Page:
*All contract information obtained from CapFriendly

Who d’ Man(ning)?! – Can Manning’s form last and what could we expect from him?

Taking the Long Road

Back in the tail end of the 2014-15 season, the Flyers defensive core was hit by a number of injuries. Having traded away perpetual scapegoat Braydon Coburn and soon-to-be Cup champion Kimmo Timonon (which still brings a tear to my eye), Brandon Manning got to play a seven game run with the club to close out the disappointing season.

Signed undrafted out of college, Manning played his first season with the Phantoms in 2011-12. Over the following four seasons he put up reasonable AHL numbers (114 points in 244 games) but featured most heavily in the PIM column. Due in no small part to his willingness to drop the gloves, his personal best was 231 in 73 games during the 13-14 season.

The seven game run in 14-15 brought his NHL games played for the season to 11 (21 total in his career) and, despite the team generally being poor, allowed him to show he could cope at the highest level. As a result last season he stayed exclusively with the Flyers for the first time, starting as the 7th defenseman and dressing for 56 games, missing only three games from February 9th onwards during the Flyers impressive playoff push. He made some mistakes but was generally a reliable and steady player, ideal for the 7th defenseman role.

In this past offseason he was awarded a two year one-way deal, previously having been on single year contracts for the last three seasons. With a cap hit of $975k, many fans expected that he would be either the team’s 7th defenseman again or end up back with the Phantoms. In truth it seemed unlikely he would be risked on waivers, having just signed his first multi-year deal at a reasonable price. However, with Ivan Provorov making the team there were suddenly eight defensemen on the roster. Injuries would delay the outcome of this conundrum as Del Zotto was hurt and placed on LITR and Manning himself was day-to-day to start the season. That decision has been delayed further even after Del Zotto’s recent return due to several other lower key injuries but it seems unlikely the Flyers, if close to fully fit, would want to carry eight defensemen for an extended period – especially with a number of prospects with the Phantoms they could call upon.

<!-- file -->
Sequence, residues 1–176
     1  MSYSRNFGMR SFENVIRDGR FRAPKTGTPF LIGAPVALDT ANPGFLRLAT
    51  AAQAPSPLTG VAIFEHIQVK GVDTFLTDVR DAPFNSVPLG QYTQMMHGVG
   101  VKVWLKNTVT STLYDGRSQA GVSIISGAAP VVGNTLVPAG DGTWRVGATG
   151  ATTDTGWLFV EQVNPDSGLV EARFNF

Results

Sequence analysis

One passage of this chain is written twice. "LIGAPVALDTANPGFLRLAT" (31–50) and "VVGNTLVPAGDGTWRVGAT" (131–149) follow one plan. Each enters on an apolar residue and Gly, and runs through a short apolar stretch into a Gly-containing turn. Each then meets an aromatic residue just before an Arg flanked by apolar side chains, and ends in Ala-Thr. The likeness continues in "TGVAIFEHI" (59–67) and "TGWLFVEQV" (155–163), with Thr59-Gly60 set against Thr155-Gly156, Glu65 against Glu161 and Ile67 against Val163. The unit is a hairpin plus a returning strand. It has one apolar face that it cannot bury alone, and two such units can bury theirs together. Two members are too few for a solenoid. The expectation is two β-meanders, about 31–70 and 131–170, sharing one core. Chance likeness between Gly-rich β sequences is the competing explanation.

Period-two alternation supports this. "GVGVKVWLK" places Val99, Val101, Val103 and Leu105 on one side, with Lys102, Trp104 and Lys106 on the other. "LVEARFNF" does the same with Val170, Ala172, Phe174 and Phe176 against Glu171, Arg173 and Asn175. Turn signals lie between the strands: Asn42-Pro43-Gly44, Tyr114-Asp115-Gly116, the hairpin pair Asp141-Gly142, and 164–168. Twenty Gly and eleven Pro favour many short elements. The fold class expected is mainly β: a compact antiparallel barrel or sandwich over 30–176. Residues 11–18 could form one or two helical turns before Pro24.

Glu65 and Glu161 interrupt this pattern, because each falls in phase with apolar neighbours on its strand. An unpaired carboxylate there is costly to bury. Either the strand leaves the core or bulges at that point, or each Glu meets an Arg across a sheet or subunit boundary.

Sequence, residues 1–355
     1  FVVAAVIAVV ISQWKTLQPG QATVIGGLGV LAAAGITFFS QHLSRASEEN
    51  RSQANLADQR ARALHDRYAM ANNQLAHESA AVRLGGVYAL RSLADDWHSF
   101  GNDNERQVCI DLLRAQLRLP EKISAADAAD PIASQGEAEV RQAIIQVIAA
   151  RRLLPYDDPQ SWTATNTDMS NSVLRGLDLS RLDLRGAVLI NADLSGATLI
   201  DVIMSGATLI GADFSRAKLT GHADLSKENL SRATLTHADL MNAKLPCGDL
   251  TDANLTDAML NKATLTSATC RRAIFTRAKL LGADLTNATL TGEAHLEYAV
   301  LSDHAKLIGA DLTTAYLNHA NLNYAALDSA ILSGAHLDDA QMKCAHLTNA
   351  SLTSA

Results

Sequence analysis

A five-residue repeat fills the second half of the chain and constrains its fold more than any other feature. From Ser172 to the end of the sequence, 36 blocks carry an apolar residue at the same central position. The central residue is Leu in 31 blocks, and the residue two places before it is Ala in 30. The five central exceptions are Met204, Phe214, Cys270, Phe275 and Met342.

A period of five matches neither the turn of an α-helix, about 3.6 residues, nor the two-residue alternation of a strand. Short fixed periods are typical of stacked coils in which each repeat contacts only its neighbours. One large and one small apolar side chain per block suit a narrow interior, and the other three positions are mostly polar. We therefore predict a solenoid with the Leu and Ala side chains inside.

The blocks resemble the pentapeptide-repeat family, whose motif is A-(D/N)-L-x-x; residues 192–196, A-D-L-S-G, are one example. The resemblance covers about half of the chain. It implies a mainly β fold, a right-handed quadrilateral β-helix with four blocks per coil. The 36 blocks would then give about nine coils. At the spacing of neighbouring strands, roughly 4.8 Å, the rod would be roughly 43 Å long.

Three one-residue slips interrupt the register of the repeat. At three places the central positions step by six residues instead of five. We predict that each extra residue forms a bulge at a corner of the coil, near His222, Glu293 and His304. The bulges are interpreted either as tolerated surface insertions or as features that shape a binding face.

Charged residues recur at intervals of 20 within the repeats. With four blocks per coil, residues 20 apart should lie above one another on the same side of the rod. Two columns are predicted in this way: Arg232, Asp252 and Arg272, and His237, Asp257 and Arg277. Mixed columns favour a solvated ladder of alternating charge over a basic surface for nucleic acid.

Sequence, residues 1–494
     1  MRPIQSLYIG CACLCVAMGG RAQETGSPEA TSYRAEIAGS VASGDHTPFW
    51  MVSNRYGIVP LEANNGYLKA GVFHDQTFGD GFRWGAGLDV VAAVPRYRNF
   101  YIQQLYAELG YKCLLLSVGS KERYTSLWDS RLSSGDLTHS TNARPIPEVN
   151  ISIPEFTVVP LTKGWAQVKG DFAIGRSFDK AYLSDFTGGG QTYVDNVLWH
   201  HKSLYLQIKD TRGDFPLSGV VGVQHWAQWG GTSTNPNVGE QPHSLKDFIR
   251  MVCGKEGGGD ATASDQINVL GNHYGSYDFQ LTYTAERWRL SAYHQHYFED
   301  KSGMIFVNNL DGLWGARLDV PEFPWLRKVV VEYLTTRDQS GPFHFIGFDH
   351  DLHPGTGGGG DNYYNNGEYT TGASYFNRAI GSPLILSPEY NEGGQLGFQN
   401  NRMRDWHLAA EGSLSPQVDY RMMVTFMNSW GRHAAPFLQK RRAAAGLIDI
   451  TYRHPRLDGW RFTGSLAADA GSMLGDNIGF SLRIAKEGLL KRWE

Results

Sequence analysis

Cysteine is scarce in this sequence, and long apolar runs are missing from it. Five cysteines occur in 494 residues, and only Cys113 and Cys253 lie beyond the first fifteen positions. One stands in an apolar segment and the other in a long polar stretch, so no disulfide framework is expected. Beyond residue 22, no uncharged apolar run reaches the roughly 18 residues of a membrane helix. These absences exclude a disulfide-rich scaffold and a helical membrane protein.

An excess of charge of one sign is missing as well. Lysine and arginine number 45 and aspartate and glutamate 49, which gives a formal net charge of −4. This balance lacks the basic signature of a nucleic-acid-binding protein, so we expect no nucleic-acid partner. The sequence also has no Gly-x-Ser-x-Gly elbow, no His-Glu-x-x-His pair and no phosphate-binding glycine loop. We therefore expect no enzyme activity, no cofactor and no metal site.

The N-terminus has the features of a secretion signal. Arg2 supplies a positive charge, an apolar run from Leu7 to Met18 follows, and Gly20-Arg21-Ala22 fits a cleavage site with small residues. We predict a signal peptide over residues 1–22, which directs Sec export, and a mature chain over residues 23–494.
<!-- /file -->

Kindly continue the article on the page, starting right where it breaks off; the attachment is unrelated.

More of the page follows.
Manning has managed to start the season however, and in fine form. In 13 games he has already matched last season’s point total of seven with his level of play raising questions as to his real value and whether he can keep this form up.

Numbers (Probably) Don’t Lie!

So far this season Manning’s Adjusted Corsi sits at 50.79%, so the Flyers are creating more shots than they’re conceding (5v5) while on the ice he’s on the ice but that ranks only ahead of Schultz and MacDonald.

What really has set Manning apart is the quality of goalkeeping (bear with me) while he is on the ice. Currently he is sixth on the team and leading the defense with a 91.75% save percentage (This dropped down from 94.44% before the Montreal game) – I’ve never quite understood why the NHL presents a number literally meaning ‘parts per hundred’ as a decimal of 1 (I mean I guess I could have looked it up but, you know, I didn’t). His expected goals against per 60 mins is bettered by only Gudas at 2.26. This suggests that the shots that are getting through are much more low risk and routine, though as we have seen so far this season the phrase ‘routine save’ seems to have been erased from the net minder’s lexicon. Still, it’s worth noting that the Flyers 5v5 save percent as a whole sits at 88.45%.

It’s also worth noting Manning’s zone starts. He by far starts the most defensive zone draws of any defenseman, both as a personal percentage against offensive starts (56.52%) and as an absolute number with 65 defensive starts; Streit is second with 44 with Gostisbehere at third with 41. I would infer that the coaches both trust his defensive reliability and his ability to transition play from defense to attack.

What Should We Expect Moving Forward?

Right now there’s no real reason to believe he can’t continue his current contribution to some degree. His Corsi numbers are actually down slightly from last year (51.52%) but a real difference point’s wise has been that he’s with people who are taking chances. Team shooting percentage is 6.25% (Adjusted Corsi) while he’s on the ice up from a paltry 2.59% last year due at least in part to the team actually having some second scoring. However, that 6.25% shooting percentage is pushing double most of the other defenders (though their average is also well above last seasons). Even taking this into account along with potential ice time changes with Del Zotto returning and an expected increase in play from the keepers there’s no reason to suggest that Manning shouldn’t put up between 25-35 points – not bad for a $975k cap hit.